On Friday, the Netherlands’ top competition regulator ruled Apple had violated the country’s competition rules and ordered the iPhone manufacturer to amend its App Store payment practices.
Apple’s practice of mandating app developers to utilize its in-app payment system and pay commissions ranging from 15% to 30% on digital goods transactions has been criticized by authorities and legislators all over the world.
In 2019, the Netherlands’ Authority for Consumers and Markets (ACM) initiated an inquiry about whether Apple’s practices amounted to a violation of a dominant market position. However, it was eventually narrowed in scope to target just dating apps, including Tinder’s parent company Match Group.
“We disagree with the order issued by the ACM and have filed an appeal,” Apple said in a statement. It added that “Apple does not have a dominant position in the market for software distribution in the Netherlands, has invested tremendous resources helping developers of dating apps reach customers and thrive on the App Store.”
The ACM considered Apple’s methods anti-competitive and demanded adjustments, according to Reuters, although the judgement was not made public until Friday.
Apple was found to have broken competition regulations, according to the regulator’s judgement. It has ordered Apple to change the unfair circumstances that apply to dating-app suppliers in its App Store.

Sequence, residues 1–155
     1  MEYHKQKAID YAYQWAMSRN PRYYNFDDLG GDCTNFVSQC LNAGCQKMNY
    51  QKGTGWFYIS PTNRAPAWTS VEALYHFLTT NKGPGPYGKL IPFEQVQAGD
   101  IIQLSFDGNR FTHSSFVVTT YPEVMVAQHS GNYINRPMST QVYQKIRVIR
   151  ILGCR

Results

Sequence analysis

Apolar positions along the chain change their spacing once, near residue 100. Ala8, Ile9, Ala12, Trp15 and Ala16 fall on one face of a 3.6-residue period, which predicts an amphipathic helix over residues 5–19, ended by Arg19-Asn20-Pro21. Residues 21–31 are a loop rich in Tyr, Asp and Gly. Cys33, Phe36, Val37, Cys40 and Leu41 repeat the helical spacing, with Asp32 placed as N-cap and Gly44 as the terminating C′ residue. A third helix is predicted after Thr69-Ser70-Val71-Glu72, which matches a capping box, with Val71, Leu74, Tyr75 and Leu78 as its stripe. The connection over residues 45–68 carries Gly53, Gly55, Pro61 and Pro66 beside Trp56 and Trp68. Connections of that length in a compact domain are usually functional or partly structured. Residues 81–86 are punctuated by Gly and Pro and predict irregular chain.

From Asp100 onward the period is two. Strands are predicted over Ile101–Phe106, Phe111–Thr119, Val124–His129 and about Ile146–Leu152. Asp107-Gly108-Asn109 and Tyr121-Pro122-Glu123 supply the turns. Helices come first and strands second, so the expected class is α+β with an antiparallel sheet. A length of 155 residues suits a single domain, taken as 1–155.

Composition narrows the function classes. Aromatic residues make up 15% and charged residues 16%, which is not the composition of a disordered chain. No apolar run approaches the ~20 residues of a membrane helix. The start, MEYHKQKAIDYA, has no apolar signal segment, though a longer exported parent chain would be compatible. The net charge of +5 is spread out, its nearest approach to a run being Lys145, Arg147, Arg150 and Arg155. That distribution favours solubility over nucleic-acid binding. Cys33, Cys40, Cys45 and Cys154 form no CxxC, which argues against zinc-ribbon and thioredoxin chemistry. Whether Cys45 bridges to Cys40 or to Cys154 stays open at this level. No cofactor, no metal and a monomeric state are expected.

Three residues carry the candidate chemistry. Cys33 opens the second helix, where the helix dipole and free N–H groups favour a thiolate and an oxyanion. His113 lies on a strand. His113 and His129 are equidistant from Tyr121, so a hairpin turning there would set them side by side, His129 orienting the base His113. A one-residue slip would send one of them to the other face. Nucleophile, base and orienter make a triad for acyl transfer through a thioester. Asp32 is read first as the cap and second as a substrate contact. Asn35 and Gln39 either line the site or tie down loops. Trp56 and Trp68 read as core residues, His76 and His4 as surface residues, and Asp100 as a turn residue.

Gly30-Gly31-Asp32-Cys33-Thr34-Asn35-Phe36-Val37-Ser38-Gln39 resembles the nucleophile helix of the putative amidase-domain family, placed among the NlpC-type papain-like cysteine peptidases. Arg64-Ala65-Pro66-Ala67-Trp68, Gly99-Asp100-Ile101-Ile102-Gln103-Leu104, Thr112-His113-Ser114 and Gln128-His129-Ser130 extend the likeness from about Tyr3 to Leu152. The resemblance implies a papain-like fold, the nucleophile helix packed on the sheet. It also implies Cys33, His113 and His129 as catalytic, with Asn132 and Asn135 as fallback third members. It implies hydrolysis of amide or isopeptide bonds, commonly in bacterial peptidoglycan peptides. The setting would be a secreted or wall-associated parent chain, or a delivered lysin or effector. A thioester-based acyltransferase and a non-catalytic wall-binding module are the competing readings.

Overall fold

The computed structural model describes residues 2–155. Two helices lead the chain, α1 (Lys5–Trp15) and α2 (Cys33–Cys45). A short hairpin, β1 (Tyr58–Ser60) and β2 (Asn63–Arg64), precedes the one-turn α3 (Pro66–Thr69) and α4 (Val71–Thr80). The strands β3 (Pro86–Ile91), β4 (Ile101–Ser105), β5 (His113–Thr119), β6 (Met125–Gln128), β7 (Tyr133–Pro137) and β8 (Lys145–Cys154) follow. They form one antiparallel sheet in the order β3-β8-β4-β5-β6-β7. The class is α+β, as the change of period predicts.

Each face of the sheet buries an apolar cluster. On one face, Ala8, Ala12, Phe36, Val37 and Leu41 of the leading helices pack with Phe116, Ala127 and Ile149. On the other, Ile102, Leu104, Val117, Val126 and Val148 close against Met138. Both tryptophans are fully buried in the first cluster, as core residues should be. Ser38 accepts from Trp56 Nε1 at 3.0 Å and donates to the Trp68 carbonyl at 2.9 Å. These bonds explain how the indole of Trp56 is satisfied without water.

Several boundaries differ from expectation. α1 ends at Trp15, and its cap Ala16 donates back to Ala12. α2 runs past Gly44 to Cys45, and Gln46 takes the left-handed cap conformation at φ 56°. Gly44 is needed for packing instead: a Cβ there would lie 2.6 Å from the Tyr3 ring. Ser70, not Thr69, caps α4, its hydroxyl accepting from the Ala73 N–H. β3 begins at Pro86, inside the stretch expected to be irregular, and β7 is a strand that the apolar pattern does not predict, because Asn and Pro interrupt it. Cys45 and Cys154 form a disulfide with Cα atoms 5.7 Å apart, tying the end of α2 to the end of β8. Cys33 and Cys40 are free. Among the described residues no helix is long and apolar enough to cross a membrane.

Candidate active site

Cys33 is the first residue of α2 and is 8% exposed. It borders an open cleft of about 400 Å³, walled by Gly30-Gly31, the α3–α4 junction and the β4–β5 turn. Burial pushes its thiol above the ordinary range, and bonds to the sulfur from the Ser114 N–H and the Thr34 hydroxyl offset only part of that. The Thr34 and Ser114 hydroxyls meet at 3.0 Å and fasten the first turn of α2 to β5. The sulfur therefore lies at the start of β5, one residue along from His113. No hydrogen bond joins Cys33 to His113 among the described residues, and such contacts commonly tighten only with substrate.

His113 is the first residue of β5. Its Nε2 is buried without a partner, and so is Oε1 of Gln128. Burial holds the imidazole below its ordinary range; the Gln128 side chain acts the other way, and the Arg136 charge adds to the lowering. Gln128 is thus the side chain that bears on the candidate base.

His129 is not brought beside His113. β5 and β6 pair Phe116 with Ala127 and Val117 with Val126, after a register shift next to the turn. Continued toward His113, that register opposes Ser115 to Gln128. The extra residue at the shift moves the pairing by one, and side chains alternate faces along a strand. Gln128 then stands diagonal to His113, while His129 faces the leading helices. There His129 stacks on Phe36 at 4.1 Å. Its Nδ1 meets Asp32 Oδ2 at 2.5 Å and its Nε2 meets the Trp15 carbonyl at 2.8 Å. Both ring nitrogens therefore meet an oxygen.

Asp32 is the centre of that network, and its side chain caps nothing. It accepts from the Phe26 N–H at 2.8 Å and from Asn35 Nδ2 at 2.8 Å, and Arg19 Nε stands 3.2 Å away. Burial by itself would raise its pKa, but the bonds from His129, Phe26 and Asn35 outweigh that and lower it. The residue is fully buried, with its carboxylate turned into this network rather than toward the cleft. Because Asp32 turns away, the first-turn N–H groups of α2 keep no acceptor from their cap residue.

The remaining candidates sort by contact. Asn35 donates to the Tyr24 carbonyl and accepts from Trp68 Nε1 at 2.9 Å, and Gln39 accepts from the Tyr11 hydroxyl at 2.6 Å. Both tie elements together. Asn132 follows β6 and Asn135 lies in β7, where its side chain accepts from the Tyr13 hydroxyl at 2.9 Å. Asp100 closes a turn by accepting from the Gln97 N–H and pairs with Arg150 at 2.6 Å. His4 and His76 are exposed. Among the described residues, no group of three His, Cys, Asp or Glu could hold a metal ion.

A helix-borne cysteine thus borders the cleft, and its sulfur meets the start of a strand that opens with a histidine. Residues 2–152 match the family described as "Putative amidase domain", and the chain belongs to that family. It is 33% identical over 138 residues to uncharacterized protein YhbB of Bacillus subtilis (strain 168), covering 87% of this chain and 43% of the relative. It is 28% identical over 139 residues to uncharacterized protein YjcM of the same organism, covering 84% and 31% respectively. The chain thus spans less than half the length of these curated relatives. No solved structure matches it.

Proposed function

Match Group said in an email statement, “We applaud the ruling issued today by a Rotterdam Court affirming the ACM’s decision that Apple’s forced use of its in-app payment systems and other practices violate Dutch and EU competition law, and must be eliminated by January 15th.”
Apple must now enable dating-app developers to utilize alternate payment mechanisms, according to the ruling. If the firm does not comply, it might face a punishment of up to EUR 50 million (approximately Rs. 425 crores).
According to a statement, Apple has until January 15 to execute the adjustments.
Apple’s regulatory loss in the Netherlands comes after the iPhone manufacturer lost a legal battle in South Korea to overturn legislation requiring large app platform providers, such as Apple and Alphabet’s Google, to enable developers to utilize third-party payment systems.
Apple is required to adjust its in-app payment rules and other business practices that developers have criticized as Apple is facing legislation in the European Union and the United States.